Wednesday, November 28, 2007

Further north

We turned the bow north, up to Great Barrier Island (Aotea), colloquially known as "the Barrier" (or "the bloody Barrier", as a local song goes) . About 900 people live on the Barrier, commonly thought of as all a bit kooky - folks who may not normally want to fit into a more urban, commercially oriented lifestyle. I mean, there's no bloody power on the Barrier! Everyone has to have their own generator - that's kooky enough ;) But if you're into small diesel-powered generators, this is the place to be - they're wonders of machinery and many an hour is spent, over a few (home-brewed) beers, tut-tutting over one another's old fly-wheeled generators (can you hear 'em?).

Tryphena is normally our destination at the Barrier - dad has good friends there - Bro's moved on, but Brian's still there. He rowed out and had a cuppa (tea) and a slice or two of my sister-in-law's marvellous Christmas cake - dad and Brian can talk boats for hours, and I always enjoy catching up with him. He has Hobbit feet - hasn't worn shoes for decades - but he's found that Crocs can sometimes be useful, except on pine needles.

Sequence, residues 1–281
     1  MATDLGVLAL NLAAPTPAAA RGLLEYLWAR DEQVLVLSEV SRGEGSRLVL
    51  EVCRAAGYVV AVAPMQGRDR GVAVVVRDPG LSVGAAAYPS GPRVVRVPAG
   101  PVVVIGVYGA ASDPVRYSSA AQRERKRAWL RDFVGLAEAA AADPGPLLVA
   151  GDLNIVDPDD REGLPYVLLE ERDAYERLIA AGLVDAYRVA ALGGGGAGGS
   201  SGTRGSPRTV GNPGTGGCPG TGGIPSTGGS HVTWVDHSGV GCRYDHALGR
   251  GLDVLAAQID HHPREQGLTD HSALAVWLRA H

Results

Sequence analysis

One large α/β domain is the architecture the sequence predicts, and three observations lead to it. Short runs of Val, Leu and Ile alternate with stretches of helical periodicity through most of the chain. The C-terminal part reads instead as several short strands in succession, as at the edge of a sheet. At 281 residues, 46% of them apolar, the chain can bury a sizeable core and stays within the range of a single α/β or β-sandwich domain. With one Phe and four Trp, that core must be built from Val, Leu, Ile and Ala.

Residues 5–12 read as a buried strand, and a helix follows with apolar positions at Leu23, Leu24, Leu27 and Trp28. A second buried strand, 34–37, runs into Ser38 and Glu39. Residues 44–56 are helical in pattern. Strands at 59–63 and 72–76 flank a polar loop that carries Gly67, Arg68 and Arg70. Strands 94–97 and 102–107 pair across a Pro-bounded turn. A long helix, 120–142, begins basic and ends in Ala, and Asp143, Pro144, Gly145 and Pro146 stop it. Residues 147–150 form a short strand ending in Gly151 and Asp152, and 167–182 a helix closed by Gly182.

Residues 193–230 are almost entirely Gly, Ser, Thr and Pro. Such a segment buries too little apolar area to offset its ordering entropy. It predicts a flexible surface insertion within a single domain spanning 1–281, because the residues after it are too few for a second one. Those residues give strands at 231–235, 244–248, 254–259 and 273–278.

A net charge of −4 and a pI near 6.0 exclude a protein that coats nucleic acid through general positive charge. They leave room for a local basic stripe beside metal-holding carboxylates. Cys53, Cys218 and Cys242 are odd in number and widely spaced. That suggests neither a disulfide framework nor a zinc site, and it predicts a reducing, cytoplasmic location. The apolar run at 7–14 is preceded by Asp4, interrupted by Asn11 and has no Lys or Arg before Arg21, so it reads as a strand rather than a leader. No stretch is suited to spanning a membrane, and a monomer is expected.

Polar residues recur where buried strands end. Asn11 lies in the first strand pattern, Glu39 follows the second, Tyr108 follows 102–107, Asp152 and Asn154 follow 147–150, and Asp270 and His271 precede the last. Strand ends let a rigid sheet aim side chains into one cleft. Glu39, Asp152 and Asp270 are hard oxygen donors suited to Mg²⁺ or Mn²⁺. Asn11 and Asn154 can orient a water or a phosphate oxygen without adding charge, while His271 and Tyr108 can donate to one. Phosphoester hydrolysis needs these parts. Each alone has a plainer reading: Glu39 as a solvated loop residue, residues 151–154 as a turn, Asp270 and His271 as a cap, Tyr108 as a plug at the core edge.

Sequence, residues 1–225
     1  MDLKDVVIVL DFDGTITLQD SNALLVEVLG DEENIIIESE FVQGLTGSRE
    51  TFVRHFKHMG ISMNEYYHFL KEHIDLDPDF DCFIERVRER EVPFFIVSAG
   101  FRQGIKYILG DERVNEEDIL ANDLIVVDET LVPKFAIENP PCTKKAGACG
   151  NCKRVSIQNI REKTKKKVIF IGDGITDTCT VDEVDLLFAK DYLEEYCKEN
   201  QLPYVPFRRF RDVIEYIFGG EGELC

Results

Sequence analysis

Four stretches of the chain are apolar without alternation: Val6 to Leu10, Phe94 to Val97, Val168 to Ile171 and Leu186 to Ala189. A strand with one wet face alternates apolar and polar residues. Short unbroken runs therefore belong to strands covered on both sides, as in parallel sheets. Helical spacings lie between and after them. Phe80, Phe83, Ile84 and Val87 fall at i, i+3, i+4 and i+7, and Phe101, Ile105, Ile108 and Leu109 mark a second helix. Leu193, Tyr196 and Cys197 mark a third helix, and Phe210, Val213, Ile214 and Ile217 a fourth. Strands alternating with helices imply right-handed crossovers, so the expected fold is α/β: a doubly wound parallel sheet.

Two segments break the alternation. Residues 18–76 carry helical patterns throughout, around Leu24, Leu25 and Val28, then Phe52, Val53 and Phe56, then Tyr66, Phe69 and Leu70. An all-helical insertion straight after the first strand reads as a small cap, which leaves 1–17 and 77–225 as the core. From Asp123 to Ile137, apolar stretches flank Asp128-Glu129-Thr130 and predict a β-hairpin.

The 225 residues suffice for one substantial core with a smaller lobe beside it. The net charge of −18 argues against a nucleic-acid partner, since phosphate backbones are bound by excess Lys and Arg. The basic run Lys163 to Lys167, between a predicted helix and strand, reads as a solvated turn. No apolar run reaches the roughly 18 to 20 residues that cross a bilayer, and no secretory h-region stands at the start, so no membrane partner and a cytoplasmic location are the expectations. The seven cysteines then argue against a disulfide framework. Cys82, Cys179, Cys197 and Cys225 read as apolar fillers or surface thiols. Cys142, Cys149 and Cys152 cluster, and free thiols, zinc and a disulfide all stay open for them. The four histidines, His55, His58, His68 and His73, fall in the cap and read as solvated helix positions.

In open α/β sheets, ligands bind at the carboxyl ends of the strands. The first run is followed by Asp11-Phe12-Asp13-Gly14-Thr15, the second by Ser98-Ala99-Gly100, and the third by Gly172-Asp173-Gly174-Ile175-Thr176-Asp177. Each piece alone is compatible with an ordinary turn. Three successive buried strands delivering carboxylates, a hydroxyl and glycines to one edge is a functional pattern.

The sail up was great - not quite enough wind, so we kicked in the diesel to help us along and keep the bow up. Looking back to Mercury slipping behind us, I checked on the chart to find out the distance between Mercury and the Barrier - 23 miles. It struck me that what has always seemed to be "way up there" was now a distance that I normally paddle in a day; and during an Everglades Challenge, can be sometimes a third of a day. In fact something that absolutely grabbed me this trip home, was the absolutely fabulous sea kayaking around the NZ coastline and offshore islands. Sigh.

Just before Tryphena we stopped for a few hours in a secluded bay. Dad's been cruising this coastline for nigh on 65 years, and me near 40, but neither of us had visited here before. It was magic - a sandy yellow beach with its own stream, nikau palms and tee-tree. Quite typically we even left dad's jumper on the beach, which we picked up the next morning.

Our last morning in Tryphena was one in a million - flat calm with not a breath of wind, and a clear view of the bottom - not often one gets to see one's own anchor nesting below.

We headed back south...


Michael said...

Now there's a kayak trip! Why don't we hear about folks paddling around the North Island of NZ? It looks perfect (quick sideways glance to check bank account balance...).

Capt'n "O" Dark 30 & Super Boo said...

hobbit feet... tea trees... sounds perfect.